Wednesday, June 03, 2009
Mattin is ending his NYC residency, heading off soon to Sweden. His final show here was the tail end of an 11-stop tour with Tim Goldie (known as " ", for now), performing under the name, Deflag Haemorrage/Haien Kontra. As one could easily anticipate, Mattin wasn't about to let his audience off easy.
[The evening began with a set of songs by Pink Reason, the nom de guerre of Kevin de Broux, playing acoustic guitar--well mixed by Mattin over Issue Project Room's multiple speakers--and singing. The guitar was quite good, a kind of Fahey aspect in that what you first thought was one simple, if attractive, repeated sequence turned out to have two or three hidden layers, often quite beautiful. The singing itself was ok, not outstanding, the lyrics trite to the point I was wondering if they were intentionally so. I decided not.]
Speaking with Mattin prior to the set, I asked about the previous night's show in Philly at the Rotunda. He was annoyed about the seating arrangement there--basically, that there were seats. This inhibited what they would have liked to do, vis a vis audience terrorism. So, it came as no surprise when the 25 spectators (I use the term loosely) were told to fold up their chairs and assume an erect position. Mattin and Goldie had set up computers on pedestals, facing each other at a distance of about 15 feet, Goldie's having a mirrored top. Mattin then ventured into the sparse crowd and pushed six or seven people, one by one, so that they were positioned more or less between the pcs (I successfully dodged this maneuver). A high, buzzing, whistling tone emerged, flitting merrily amongst the overhead speakers.
Goldie (I'll refrain from calling him " " for this report, though he made frequent use of fingered quotation marks throughout the set) then emerged from near the entrance, a camouflage jacket pulled up over his head, wearing some kind of black mask and thrusting his arms straightforward, zombie-style, careening through the assembled gathering, muttering, yelling and generally writhing as though undergoing torture, presumably via the sound system. OK. I'm sorry, but this is just silly. Nothing shocking, nothing scary, nothing that shifts one's perspective, awakens latent sensibilities. All you can do is smirk, and feel a bit dopey for doing so, but what are the options? If that's the point (as with a good bit of the rest of the evening), it's easily enough achieved. Yes, you feel self-conscious as an audience member. Conceivably you might want to join in; some did, as I'll mention. But, for this observer, it's akin to being asked to sing along in some awful Kumbaya situation; the feeling of embarrassment is similar, more in the sense that, out of courtesy, you don't want to scowl in the person's face and leave.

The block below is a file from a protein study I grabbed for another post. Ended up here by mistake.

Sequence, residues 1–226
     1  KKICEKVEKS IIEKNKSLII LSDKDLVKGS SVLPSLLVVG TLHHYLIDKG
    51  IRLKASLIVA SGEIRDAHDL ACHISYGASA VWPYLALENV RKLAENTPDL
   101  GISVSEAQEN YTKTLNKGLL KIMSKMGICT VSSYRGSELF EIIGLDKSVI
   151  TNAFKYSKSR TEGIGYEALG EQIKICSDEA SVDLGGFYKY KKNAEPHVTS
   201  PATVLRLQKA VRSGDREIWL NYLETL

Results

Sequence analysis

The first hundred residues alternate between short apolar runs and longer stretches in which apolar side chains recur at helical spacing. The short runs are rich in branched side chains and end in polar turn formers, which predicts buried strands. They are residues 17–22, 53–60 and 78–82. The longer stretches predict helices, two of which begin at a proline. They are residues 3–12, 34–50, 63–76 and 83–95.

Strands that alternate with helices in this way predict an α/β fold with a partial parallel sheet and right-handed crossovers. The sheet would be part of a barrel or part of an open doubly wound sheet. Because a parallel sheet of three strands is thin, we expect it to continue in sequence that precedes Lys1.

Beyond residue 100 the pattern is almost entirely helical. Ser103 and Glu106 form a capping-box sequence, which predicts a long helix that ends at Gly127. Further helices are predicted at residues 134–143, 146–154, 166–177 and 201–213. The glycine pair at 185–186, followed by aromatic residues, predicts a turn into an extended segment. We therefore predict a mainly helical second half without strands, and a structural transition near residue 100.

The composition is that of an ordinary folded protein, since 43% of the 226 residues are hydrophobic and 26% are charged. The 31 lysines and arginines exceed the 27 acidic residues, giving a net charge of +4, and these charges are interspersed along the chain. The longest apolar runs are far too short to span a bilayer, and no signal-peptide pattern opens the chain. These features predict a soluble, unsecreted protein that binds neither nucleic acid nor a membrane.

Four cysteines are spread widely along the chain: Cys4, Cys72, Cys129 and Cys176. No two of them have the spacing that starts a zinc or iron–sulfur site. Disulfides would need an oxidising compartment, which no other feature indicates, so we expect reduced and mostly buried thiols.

Interspersed among activities such as these, there was a healthy chunk of raw music/noise and, though I feel a bit silly for saying so given the context, it was excellent: brutal while retaining subtlety, finely textured and with enough subsonics to set my jeans a-flutter. But it seemed almost beside the point.
Mattin took a mic at one juncture, walking about, allowing the wire to wrap around audience members and mic stands, causing one of the latter, extended to about ten feet tall, to fall on a trajectory that had my right eye as a target before my softball reflexes kicked in and stopped it. Loy Fankbonner, to his credit, provoked right back, plopping on a chair right next to Mattin, who now brusquely pushed him off it then engaged in a physical shoving match, one vs. three, against our friends Anne, Billy and Richard; he lost. All the while, Goldie continued to lurch around the space, moan, sing, crawl, whatever; not intriguing.
When Mattin returned to his computer, Loy continued to agitate, bringing a cell-cam right up to Mattin's face, shining it's bright light. He'd later ask Anne to get on a nearby bicycle and ride through the proceedings, which she valiantly did. Loy got into things, I imagine, in a manner that the pair was hoping would be a general reaction. Well, no. One would have to, at the very least, feel somehow compelled to do so, not to have it thrust upon one, though presumably Mattin thinks such actions are necessary to shock us out of our complacency, our voyeurism, our spectacle-craving. One obvious answer is, don't perform then. There's a bit too much having it both ways otherwise.
Then again, sometimes a gambit works. Mattin eventually crouched, looking into the back of Goldie's pc, where he observed and commented on audience activity. "Richard is laughing. Loy is getting a beer. Brian is hiding" In my defense, I was merely seeking a wall against which to lean so my back wouldn't kill me, at the same time providing somewhat more cover from the various thrown objects with eyeball-piercing potential, which included a violin bow. This worked, in a way, the self-consciousness it provoked seeming, to me, less silly, more capable of providing some self-reflection.
They took things out with some serious noise, quite good. Even if, in context, it had the sense of a bone tossed to the crowd for putting up with things.
The above written in one shot, not really thinking it through, doubtless omitting much. Glad I went as it at least inspired some thoughts. I don't think Mattin is near solving his quandary yet and wish him luck with it, quixotic though the quest may be. As long as he insists on vending his wares in performance spaces, there will be this rub. Better, perhaps, to just venture into the public space and see what happens, if anyone cares, allowing those who do to set their own parameters.